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Jul 15, 2012

Is your bike setup a cause for injury?

Last week, in an attempt to mix up my exercise regime I went to my first spin class for a very long time.  45 minutes of gruelling hills and sprint tracks and I walked out acutely aware of my aching quads, sore stiff upper back and tender buttocks!

Cycling is promoted as a great low impact knee-sparing form of exercise and when compared to pounding the pavement this may stand true. However given its repetitive nature, with riders averaging 5000 revolutions per hour, you open yourself up to a spectrum of overuse injuries particularly affecting the knees.

Whether you’re riding to the local store, in your week spin class or in the Tour de France your bike needs to fit you! Not only can this help prevent overuse injuries from occurring it can make you a more efficient and faster rider.

Here are a few things every rider should check about their bike setup

  1. Size of the bike: picking the right frame is the first step. If the frame is too big you won’t be able to correctly adjust the other features!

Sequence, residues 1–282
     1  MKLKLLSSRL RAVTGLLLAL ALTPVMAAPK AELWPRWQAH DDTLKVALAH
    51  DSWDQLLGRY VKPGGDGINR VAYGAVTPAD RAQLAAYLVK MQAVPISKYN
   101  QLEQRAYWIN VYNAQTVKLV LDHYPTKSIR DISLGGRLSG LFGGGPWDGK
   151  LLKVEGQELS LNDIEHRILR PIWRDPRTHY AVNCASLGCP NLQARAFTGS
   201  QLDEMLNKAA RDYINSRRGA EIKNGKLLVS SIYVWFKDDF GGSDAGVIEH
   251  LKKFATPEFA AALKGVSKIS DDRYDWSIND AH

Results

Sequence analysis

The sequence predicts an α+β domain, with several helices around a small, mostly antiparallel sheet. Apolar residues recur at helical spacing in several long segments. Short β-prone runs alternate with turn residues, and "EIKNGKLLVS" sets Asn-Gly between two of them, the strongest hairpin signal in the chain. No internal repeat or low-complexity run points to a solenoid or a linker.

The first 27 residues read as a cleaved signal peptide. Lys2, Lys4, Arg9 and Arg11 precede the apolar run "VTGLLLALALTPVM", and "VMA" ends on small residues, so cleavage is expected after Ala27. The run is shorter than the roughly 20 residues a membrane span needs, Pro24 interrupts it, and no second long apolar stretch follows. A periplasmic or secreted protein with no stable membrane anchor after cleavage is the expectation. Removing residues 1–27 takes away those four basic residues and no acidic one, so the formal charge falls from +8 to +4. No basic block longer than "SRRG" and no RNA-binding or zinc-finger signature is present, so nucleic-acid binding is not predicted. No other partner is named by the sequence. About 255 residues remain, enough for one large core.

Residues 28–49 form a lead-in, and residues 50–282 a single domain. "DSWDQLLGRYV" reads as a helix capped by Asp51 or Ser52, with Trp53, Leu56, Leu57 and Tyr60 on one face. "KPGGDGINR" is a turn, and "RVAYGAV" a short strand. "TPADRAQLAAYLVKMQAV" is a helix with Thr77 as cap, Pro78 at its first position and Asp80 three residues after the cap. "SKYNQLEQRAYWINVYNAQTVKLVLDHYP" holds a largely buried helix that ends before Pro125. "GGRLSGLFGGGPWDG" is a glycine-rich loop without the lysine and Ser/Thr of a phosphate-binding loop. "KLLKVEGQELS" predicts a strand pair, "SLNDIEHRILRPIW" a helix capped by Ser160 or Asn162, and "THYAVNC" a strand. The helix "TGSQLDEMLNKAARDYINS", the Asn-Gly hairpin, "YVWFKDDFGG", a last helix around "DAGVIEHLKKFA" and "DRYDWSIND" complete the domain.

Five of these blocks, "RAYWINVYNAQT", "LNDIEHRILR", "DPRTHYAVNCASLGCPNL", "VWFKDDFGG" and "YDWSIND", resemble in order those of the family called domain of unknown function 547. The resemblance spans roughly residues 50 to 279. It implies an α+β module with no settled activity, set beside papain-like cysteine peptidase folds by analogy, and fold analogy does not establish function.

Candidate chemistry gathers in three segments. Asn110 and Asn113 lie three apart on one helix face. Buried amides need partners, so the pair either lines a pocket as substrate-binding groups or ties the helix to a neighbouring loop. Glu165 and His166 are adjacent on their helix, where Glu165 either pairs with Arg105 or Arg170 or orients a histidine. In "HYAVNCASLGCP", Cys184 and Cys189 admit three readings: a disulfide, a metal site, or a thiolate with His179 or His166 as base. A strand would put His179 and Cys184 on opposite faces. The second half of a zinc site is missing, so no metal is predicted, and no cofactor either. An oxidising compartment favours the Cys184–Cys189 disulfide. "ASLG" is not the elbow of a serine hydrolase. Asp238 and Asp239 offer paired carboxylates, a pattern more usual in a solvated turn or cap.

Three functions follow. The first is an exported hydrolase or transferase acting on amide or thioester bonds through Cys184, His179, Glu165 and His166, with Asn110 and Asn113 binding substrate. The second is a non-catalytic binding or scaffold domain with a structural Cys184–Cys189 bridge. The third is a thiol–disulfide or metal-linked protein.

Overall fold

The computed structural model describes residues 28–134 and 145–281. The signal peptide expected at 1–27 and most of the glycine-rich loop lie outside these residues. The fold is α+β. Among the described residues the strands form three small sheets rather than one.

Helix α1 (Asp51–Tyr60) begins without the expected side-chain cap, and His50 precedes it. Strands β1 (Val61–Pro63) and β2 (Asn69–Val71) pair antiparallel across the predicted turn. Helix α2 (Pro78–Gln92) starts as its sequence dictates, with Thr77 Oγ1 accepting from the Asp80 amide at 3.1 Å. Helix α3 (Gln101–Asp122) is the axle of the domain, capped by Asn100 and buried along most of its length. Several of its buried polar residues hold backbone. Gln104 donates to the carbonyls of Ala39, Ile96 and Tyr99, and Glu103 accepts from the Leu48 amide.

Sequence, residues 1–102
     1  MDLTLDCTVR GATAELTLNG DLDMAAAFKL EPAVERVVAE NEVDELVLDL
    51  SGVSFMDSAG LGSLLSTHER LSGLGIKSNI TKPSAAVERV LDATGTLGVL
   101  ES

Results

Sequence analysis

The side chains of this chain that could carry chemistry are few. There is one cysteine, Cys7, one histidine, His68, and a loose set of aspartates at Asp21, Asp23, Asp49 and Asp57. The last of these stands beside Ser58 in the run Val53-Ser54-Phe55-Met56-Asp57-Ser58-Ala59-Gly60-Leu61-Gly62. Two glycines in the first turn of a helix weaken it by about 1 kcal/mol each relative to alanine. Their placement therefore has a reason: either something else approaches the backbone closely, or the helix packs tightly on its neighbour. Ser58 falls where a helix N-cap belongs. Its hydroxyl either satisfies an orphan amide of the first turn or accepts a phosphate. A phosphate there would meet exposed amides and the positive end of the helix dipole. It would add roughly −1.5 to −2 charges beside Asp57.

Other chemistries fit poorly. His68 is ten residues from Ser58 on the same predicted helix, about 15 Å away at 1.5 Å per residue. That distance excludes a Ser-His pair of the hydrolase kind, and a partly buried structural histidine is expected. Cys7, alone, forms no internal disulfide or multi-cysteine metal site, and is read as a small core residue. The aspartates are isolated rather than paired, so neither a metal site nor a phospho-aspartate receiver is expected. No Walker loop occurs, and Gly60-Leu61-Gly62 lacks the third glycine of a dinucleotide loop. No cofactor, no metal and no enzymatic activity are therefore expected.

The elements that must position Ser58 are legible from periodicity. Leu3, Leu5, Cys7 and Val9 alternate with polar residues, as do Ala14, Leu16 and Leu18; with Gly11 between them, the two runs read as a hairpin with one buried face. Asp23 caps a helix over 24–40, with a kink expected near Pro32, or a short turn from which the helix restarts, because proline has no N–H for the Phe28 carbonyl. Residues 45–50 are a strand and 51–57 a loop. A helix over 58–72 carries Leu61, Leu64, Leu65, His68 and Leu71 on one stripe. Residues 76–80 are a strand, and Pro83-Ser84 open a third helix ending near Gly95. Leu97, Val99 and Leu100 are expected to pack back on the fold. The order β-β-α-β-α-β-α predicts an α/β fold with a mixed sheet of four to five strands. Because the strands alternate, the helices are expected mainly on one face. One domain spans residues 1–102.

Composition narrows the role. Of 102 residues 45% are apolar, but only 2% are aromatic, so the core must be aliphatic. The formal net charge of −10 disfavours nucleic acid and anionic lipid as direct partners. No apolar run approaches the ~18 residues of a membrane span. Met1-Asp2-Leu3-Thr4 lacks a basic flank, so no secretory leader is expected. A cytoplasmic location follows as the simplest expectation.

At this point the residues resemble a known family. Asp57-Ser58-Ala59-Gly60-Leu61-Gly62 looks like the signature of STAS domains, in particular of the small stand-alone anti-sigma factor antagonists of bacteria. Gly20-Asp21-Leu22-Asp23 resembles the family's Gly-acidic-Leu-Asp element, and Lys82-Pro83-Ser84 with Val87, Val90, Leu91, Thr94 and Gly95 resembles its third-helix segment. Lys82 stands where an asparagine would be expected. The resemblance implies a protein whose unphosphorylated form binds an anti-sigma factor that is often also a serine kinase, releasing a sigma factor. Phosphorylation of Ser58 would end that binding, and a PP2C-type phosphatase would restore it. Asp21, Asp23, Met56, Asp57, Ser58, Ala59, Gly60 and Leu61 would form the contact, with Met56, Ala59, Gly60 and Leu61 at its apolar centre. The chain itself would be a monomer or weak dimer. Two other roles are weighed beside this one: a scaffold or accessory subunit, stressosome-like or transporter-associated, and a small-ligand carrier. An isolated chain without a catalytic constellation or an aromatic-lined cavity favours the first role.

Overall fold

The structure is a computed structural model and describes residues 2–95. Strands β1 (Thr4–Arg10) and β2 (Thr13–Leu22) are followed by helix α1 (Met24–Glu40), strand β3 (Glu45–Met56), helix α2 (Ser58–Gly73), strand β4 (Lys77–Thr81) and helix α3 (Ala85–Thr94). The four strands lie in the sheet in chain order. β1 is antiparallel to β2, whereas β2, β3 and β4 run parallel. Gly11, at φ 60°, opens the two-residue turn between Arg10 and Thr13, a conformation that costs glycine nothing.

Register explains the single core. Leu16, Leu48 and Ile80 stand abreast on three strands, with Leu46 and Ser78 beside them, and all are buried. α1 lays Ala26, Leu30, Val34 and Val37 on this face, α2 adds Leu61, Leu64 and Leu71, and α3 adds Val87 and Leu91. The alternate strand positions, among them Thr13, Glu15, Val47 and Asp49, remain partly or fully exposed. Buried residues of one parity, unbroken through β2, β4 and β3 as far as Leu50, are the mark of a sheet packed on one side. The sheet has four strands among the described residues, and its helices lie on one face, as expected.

2. The seat/saddle height. When sitting on your seat your heel should rest on the pedal at the lowest position with the in a knee slightly bent position. Having the saddle too low places extreme pressure on the knees and predisposes you to pain at the front of the knee (patellofemoral pain)
  3. Saddle tilt: the seat should be set at a level position. Tilted down and you will feel like you are constantly sliding forward, tilted back and you will decrease your ability to generate power through your pedal strokes.
  4. Find the right saddle... and wear padded pants! There are many shapes and sizes, male and female, gel or leather. Find one that’s comfortable for you, a couple of hours on the wrong seat could leave you with a very sore behind!
  5. Handlebars:  this is a little bit of trial and error. They should be positioned to allow for comfortable use of all controls and handlebar positions whilst minimising the strain on your back, shoulders and wrists. Having the handlebars too low or too close places excessive pressure through your upper body and can predispose you to injury.

If you are a regular ‘spinner’ some of these settings obviously can’t be changed. You can however adjust the seat height and handlebar height to suit your specific needs and to ensure you have the best possible riding posture.

So remember we all have different body shapes, biomechanics and preferences so everyone’s bike set-up needs to be unique. Try making these adjustments to avoid the recipe for injury; riding too far, too fast or too soon and on the wrong bike.

Stay tuned over the next couple of weeks for my blog on the common injuries in cycling.


Categories General Issues Tags cycling bike bike setup EastSports Physiotherapy exercise